As I’ve perhaps recalled here before, a joke making the rounds a while back had it that certain people supposed “Vatican II” to be the nickname of the Pope’s summer residence. Apocryphal or not, that was a valid point.
Many Catholics, especially younger ones, have no memory (understandably) of the most important event in the Church in the century past and little or no grasp (not so understandably) of what Vatican II was all about.
Just 50 years ago, on January 25, 1959, Pope John XXIII surprised a group of cardinals gathered at a basilica in Rome by announcing that he meant to convene an ecumenical council of the world’s bishops in order to… do what exactly? That wasn’t clear at the time, and for many it isn’t very clear even now.
Back in the 1950s, after all, most Catholics probably thought that the Church was fine just as it was. So what was an ecumenical council supposed to do? Good Pope John — he was beatified in 2000 — obviously also thought that the Church was fine, but he thought something else besides.
He explained what that was at the council’s opening session in October, 1962. The greatest problem of modern times, he said, was the widespread rejection of Christ. He didn’t go into a lot of detail, but it was plain to see that the problem was real: spreading secularism in the West, state-sponsored atheism in the Soviet Union, China, and other communist countries, and — just over the horizon, as it were — an imminent resurgence of fundamentalist Islam.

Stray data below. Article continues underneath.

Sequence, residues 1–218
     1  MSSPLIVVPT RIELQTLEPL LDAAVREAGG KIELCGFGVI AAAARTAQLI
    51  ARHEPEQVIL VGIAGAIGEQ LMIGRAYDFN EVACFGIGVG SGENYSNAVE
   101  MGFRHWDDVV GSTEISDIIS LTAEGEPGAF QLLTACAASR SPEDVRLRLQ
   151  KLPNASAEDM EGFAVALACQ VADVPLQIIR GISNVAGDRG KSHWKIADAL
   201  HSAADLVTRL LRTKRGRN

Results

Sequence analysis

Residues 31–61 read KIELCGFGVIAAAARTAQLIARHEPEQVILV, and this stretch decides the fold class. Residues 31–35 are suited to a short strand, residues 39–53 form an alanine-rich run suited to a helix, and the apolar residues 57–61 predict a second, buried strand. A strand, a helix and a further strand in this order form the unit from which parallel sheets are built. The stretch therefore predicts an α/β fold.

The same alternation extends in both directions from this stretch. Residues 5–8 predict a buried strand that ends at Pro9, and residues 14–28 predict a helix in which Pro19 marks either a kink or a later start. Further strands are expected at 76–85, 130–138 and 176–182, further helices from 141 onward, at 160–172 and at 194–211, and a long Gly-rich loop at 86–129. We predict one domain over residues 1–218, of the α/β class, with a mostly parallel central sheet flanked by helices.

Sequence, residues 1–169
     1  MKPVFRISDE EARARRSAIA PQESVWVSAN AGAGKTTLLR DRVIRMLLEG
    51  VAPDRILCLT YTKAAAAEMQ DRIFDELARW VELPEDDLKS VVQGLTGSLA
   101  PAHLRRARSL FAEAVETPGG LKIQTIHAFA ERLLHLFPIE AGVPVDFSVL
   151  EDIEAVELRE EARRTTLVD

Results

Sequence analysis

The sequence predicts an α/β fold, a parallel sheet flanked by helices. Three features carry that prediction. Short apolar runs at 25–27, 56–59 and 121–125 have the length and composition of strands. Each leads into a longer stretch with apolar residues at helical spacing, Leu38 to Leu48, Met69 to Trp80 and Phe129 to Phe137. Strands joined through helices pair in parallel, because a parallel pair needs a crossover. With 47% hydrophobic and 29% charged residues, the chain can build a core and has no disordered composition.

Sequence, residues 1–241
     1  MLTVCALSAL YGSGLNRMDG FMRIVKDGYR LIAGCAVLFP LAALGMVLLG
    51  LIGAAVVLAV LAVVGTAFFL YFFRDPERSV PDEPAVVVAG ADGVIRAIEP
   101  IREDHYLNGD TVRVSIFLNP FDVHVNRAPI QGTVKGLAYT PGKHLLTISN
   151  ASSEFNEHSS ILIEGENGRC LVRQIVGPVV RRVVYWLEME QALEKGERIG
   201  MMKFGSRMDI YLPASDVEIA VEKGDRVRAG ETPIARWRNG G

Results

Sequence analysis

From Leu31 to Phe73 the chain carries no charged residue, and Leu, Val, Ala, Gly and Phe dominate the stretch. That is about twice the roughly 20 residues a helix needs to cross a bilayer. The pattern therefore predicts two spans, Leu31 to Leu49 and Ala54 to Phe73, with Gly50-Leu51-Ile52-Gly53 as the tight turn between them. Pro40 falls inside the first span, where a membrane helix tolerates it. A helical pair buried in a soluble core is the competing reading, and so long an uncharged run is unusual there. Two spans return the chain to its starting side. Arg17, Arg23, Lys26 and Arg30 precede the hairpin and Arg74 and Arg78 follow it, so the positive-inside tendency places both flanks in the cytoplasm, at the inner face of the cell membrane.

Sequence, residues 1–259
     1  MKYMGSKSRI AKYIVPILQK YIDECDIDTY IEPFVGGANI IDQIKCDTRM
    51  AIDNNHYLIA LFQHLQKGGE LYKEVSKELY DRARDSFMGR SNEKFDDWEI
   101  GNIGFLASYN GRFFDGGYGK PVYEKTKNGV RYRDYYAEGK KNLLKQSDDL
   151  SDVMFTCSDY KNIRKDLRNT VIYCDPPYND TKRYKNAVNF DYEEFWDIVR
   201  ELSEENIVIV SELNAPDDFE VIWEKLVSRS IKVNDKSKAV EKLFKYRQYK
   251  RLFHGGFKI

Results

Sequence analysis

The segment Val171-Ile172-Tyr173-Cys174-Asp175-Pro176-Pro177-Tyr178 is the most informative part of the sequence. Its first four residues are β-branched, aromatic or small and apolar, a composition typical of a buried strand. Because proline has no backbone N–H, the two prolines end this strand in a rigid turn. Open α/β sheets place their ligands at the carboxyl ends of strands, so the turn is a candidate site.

In view of this situation, Pope John said, the Church needed updating and renewal in order to be able more effectively to do its fundamental work of preaching the gospel. This, then — the updating and renewal of the Church for the sake of evangelization — was the reason for the Second Vatican Council.
The bishops labored at their task through four dramatic sessions held from 1962 to 1965. Pope John died after the first session, but work continued under the direction of his successor, Pope Paul VI. The final result was the 16 documents of Vatican II — not all of equal weight, of course, but several of true historic significance. Especially notable were the Constitution on the Church (Lumen Gentium) and the Constitution on the Church in the Modern World (Gaudium et Spes).
Now renewal of the Church could begin. Unfortunately, it was hijacked almost at once by forces which saw Vatican II not as an invitation to renew the Church but an opportunity to turn it upside-down. In this misguided effort, the real Council often was concealed behind an imaginary something called the “spirit” of Vatican II.
After all these years, then, one of the biggest challenges facing Catholics is to seek out the real Second Vatican Council and put its teachings into effect. How? The place to start, as Pope Benedict XVI has often reminded us, is in those 16 documents. It is there that the mind of the Church and the action of the Holy Spirit can best be found.
Here’s some advice.
If you can locate a reliable course or a responsible study group on the documents of Vatican II, great. But don’t think you have to wait for that. Just sit down by yourself with the documents of the Second Vatican Council and — slowly, thoughtfully, prayerfully, a page or two at a time — read them. It won’t be easy going at the start, but you may be amazed and edified at what you discover there.